File picture: Pexels
File picture: Pexels

Msunduzi audit results paint bleak picture

By Thami Magubane Time of article published Apr 29, 2021

Share this article:

DURBAN - THE latest audit outcomes of the Msunduzi Municipality paint a damning picture of a municipality that is struggling to move forward, failing to follow regulations and whose financial viability is a pressing concern.

Members of the Office of the Auditor-General tabled the municipality’s audit outcomes for the 2019/20 financial year during a full council meeting yesterday.

The audit outcomes, said the A-G’s office, showed stagnation as the municipality received a qualified audit with findings, similar to what it received in the previous audit.

Opposition parties said the AG’s reports only served to confirm what they had already stated – that putting the municipality under administration had not worked.

In his presentation, Hlanganani Makhanyela, a senior manager in the A-G’s office, stated that the financial health of the municipality was still a concern. The report stated that among the root causes of the negative audit opinion was that financial statements and annual performance reports were not adequately reviewed before submission for auditing.

Also, management had failed to ensure that documents supporting the financial statements and performance reports were readily available when they were requested for audit.

Among the issues raised as concerns was the city spending R78 million on security that related to the hiring of bodyguards for councillors.

Makhanyela said that on the security issue, due to the lack of internal controls and evidence, he could not confirm whether the municipality had received the services it had paid for.

He said there was concern about how Covid-19 had affected the municipality regarding its inability to collect money due from consumer debtors, its inability to pay creditors on time, decreasing reserves and other adverse financial ratios.

“These conditions indicate that a material uncertainty exists that may cast significant doubt on the group’s ability to continue as a going concern,” he said.

He said the municipality’s officials had also failed to take basic steps to ensure that they complied with legislative requirements.

“Reasonable steps were not taken to prevent unauthorised expenditure amounting to R564.66m, up from R170m in the previous audit. The majority of the unauthorised expenditure was caused by the overspending of the approved budget,” he said.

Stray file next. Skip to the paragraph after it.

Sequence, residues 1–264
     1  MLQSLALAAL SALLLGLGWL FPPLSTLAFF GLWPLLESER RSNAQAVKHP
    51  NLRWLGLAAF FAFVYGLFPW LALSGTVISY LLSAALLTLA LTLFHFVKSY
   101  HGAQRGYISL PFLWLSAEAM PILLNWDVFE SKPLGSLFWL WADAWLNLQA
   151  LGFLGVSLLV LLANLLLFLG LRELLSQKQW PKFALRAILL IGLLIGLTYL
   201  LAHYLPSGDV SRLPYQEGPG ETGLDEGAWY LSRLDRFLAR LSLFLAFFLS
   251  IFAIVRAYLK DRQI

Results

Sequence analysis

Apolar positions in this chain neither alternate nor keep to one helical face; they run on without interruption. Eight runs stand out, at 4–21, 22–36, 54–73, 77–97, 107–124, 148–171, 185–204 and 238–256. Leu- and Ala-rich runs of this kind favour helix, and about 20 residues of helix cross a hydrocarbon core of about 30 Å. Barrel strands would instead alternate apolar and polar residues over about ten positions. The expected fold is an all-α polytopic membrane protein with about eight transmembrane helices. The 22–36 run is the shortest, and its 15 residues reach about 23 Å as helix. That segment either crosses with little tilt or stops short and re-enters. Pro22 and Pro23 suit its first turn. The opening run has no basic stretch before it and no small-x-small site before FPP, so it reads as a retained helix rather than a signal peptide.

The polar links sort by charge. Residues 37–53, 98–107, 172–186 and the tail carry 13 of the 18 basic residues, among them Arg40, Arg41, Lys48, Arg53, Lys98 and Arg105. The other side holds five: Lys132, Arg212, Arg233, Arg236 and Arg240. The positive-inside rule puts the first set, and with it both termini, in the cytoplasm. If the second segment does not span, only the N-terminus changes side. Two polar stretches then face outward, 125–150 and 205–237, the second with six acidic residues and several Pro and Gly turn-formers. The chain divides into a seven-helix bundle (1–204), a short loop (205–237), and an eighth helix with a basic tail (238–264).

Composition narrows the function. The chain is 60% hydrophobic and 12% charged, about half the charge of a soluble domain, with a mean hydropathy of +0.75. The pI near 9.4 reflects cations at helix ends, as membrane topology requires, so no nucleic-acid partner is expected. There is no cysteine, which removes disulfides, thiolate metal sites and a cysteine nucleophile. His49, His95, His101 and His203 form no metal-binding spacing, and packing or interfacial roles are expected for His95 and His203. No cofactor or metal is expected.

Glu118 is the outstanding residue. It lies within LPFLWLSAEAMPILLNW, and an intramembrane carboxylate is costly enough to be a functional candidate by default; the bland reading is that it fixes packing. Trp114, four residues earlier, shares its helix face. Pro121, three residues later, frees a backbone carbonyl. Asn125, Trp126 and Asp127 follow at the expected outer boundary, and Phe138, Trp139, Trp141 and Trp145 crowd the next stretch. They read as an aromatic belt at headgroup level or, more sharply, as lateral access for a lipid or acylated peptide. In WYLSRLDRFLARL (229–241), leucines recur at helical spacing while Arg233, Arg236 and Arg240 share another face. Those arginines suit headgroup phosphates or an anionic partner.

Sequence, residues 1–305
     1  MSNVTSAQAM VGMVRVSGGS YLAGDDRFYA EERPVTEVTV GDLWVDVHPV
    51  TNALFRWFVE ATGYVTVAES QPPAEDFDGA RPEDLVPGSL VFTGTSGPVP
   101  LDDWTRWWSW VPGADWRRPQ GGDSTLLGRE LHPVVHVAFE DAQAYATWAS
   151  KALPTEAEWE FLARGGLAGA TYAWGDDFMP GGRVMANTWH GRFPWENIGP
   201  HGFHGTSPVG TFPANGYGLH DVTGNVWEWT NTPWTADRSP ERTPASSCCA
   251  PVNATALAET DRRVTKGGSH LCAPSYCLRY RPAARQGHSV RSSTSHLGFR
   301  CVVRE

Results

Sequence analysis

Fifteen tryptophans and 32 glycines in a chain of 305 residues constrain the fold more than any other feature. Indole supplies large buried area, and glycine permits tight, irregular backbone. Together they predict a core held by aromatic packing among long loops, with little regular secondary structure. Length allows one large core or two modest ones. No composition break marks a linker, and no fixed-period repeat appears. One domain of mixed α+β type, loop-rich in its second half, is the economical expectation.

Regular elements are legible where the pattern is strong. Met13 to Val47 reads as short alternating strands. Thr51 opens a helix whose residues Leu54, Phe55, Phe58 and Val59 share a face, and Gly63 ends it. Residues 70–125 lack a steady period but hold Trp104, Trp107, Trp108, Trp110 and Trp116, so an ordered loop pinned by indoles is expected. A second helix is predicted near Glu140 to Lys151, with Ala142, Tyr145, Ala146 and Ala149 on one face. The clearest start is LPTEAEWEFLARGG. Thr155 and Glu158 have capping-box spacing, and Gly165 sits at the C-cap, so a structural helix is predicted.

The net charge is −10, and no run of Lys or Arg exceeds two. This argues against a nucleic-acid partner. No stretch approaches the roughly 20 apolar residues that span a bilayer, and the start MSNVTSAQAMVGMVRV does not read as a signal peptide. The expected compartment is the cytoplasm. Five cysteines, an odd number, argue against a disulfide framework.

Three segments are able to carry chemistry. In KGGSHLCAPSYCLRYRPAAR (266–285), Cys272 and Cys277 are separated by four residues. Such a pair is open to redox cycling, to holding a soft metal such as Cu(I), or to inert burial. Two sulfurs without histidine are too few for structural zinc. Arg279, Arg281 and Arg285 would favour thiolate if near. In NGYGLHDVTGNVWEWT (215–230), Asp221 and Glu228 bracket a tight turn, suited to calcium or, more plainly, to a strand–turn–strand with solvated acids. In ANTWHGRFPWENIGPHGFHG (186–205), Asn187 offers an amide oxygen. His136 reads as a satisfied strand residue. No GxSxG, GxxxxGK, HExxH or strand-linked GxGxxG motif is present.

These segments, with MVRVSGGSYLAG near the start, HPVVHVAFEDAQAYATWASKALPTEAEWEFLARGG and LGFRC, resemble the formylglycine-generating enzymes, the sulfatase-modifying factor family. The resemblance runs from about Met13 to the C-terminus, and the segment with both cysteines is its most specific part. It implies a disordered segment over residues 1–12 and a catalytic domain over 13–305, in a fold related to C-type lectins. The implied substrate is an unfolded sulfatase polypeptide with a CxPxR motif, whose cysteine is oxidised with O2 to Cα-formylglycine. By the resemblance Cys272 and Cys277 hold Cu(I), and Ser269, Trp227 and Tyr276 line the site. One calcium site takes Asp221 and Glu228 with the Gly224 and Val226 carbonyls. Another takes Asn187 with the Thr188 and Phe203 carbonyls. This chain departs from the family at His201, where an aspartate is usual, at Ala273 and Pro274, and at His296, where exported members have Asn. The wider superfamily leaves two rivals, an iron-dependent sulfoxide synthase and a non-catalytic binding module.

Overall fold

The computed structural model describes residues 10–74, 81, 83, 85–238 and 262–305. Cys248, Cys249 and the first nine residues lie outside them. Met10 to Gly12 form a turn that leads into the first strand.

He added that reasonable steps were not taken to prevent irregular expenditure amounting to R40.9m, although this figure was down from R93m in the previous audit.

The majority of the irregular expenditure was caused by non-compliance with local government municipal supply chain management regulations.

In addition, “reasonable steps were not taken to prevent fruitless and wasteful expenditure amounting to R5.38m, up from R3.5m in the previous audit”.

“The majority of the disclosed fruitless and wasteful expenditure was caused by salaries paid to suspended employees with cases that were not finalised on time.”

In addition the A-G found:

◆ Unauthorised expenditure was not investigated to determine if any person was liable for the expenditure, as required.

◆ Appropriate action was not taken against officials of the municipality where investigations proved financial misconduct, as required.

◆ Leadership did not implement effective preventive controls and diligent oversight over the review and validation of documents to ensure that recorded amounts were supported by credible information.

◆ Policies and procedures were also not fully adhered to regarding compliance with legislation.

◆ Management did not implement adequate records management over vital source documentation to support recorded amounts.

DA councillor Sibongiseni Majola said the audit report was a clear indication that the municipality had not learned anything from the past or benefited from being under administration.

For the municipality to turn its fortunes, the A-G recommended that internal controls be institutionalised and that vacancies in the internal audit departments be filled, and that the municipality must reduce reliance on consultants and that controls for verifying receipts of goods and services be monitored regularly.

THE MERCURY

Share this article: